Barn and cliff swallows repair and reuse old nests in buildings
My neighbor Crandall stops by.
“How are you doing?” I ask.
“Everything is nearly copacetic. I’m having a bad mirror day after running a marathon. I finished it in just two blocks. Why is the government wasting our tax money by putting up signs telling deer where they should cross the roads? When it comes to days that stink, yesterday was a classic.”
“They were serving cabbage and rutabagas at the Eat Around It Cafe again?” I say.
“Bingo. My cellphone hasn’t been working. I took it to a guy who is supposed to know what is wrong with it, but if excuses are a dime a dozen, he had $100 worth. That’s stupid. If I had $1 for every time I’ve said, ‘That’s stupid,’ I’d say ‘That’s stupid’ a lot more often. You know, I’m on the information highway, but my blinker is on. Speaking of highways, if people haven’t adopted a highway, they certainly drive as if they own it. Am I the only person in the country who knows how a four-way stop works? I rewarded myself for my knowledge by going to Dollar General and buying four suits for a dollar.”
“Four complete suits?” I ask.
“Yep, I bought a deck of cards.”
Nature by the yard
The day had many charms.
Minnesota does fall weather well, but not often and not always in the fall.
Monarch butterflies stopped by on their way to Mexico. I heard hope and joy in the calls of the goldfinches. I received sanctimonious scolding from blue jays for not offering them peanuts in the shell.
A red-tailed hawk circled above. As I watched the raptor set sail, I thought of the musical, “Oklahoma,” “Watch the hawk, making lazy circles in the sky.”
I saw twin fawns. I recalled an article I’d read about deer in Pennsylvania. It stated that in two-year-old does: 34 percent carried a single embryo, 63 percent carried twins and 3 percent carried triplets. In adult does (older than three): 22 percent carried a single embryo, 73 percent carried twins, and 5 percent carried triplets.
“Do swallows reuse their nests?” Barn and cliff swallows repair and reuse old nests. Cliff swallows nest colonially in gourd-shaped mud nests, often on bridges or the outsides of buildings. Any swallow building a nest inside a building is likely a barn swallow, which builds a cup nest of mud.
Toni Perschbacher of Albert Lea asked what leaves show color first. Sumac and Virginia creeper show red, dogwood is purple, and cottonwood, walnut and ash offer yellow.
Tom Belshan of Glenville asked if Chinese elms are susceptible to Dutch elm disease and if milkweed is a perennial. Dutch elm disease is a fungal disease discovered in Minnesota in 1961. It’s capable of infecting all native Minnesota elm trees, which includes American elm, red or slippery elm, and rock elm. Chinese elm (which isn’t hardy in Minnesota), Japanese elm and Siberian elm are resistant, but not immune to the disease. Siberian elm, often colloquially called Chinese elm, is distinguished from native elms by its small leaves. Chinese Elm (lacebark elm) has a flaky rather than furrowed bark and flowers in late summer or fall. Milkweed is a perennial that reproduces by seeds and rhizomes. Common milkweed flowers in pinkish-purple clusters and the fruits are spindle-shaped pods. The brown seeds are attached to tufts of white, silky hairs. Once the pods dry and split open, the seeds become wind-borne.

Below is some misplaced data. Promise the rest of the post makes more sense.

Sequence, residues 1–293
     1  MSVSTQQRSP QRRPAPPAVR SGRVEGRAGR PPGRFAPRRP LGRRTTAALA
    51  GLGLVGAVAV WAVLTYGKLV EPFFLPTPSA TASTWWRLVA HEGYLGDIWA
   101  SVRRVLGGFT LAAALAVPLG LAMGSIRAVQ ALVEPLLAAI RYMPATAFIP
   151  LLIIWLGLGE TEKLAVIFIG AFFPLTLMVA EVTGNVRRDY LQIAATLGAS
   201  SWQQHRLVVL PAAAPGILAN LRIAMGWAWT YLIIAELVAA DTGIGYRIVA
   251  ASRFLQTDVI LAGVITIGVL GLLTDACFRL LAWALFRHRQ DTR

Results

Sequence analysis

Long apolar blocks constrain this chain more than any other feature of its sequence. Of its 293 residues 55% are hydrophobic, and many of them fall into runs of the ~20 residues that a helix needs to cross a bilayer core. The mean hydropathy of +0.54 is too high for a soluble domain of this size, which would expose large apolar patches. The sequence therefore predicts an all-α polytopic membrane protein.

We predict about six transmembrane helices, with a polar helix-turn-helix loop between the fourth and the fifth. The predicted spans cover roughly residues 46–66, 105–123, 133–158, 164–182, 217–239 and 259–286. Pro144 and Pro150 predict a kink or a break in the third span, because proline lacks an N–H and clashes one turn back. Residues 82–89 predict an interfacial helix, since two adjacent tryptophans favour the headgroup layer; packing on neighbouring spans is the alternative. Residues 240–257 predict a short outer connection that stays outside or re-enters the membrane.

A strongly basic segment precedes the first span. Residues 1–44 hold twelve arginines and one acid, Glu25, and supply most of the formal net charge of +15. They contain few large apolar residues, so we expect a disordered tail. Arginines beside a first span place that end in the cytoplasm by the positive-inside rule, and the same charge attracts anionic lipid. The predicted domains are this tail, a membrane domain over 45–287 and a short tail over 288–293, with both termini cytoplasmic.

“How can I keep the neighbor’s cat out of my yard?” Ask your neighbor to keep the cat indoors. It’s better for the cat. Some folks humanely trap cats. Check local laws first. Some animal control agencies or shelters lend live traps. Sardines are good bait, but you may catch a wild animal. Check traps often. Some people try to discourage cats by spraying them with a garden hose. This is an effective deterrent only if the cat gets sprayed every time it’s in your yard. A cat-proof fence. Putting bells on a cat’s collar doesn’t prevent predation on birds. A bird doesn’t necessarily associate the sound of a bell with danger. Well-fed cats kill birds because the urge to hunt and the urge to eat are controlled by different parts of the brain. Declawing a cat doesn’t stop predation.
“I saw a monarch butterfly with only four legs. Shouldn’t it have six?” A monarch’s thorax has three segments. Each segment has a pair of legs attached. The second and third segments also have a pair of wings attached. Monarchs appear to have only four legs because the two front legs are tiny and curl up next to the thorax.
“Does a beaver eat fish?” Beavers eat the leaves, inner bark and twigs of deciduous trees. They also eat aquatic plants, soybeans, corn, ferns, grasses, shrubs and occasionally, coniferous trees. Muskrats will eat shellfish, snails, fish, frogs, and salamanders, generally when plants are scarce.
“I saw a huge green and blue dragonfly. What was it?”
A green darner is a large dragonfly that can be over 3 inches long, with a wingspan of 4 1/2 inches. It has a green thorax (middle section of body). Males have a blue abdomen (back part of body), while females have a purplish-gray abdomen. Green darners are found near water sources.
Thank you to all who piled aboard the Pelican Breeze. It was great being in your company. I’m sorry there wasn’t room for everyone.
Thanks for stopping by
“Science has proven that ‘I before E except after C’ is a myth.” — Al Batt
“I like living. I have sometimes been wildly, despairingly, acutely miserable, racked with sorrow, but through it all I still know quite certainly that just to be alive is a grand thing.” — Agatha Christie
“On the last day of the world I would want to plant a tree.” — W.S. Merwin
Al Batt of Hartland is a member of the Albert Lea Audubon Society. Email him at SnoEowl@aol.com.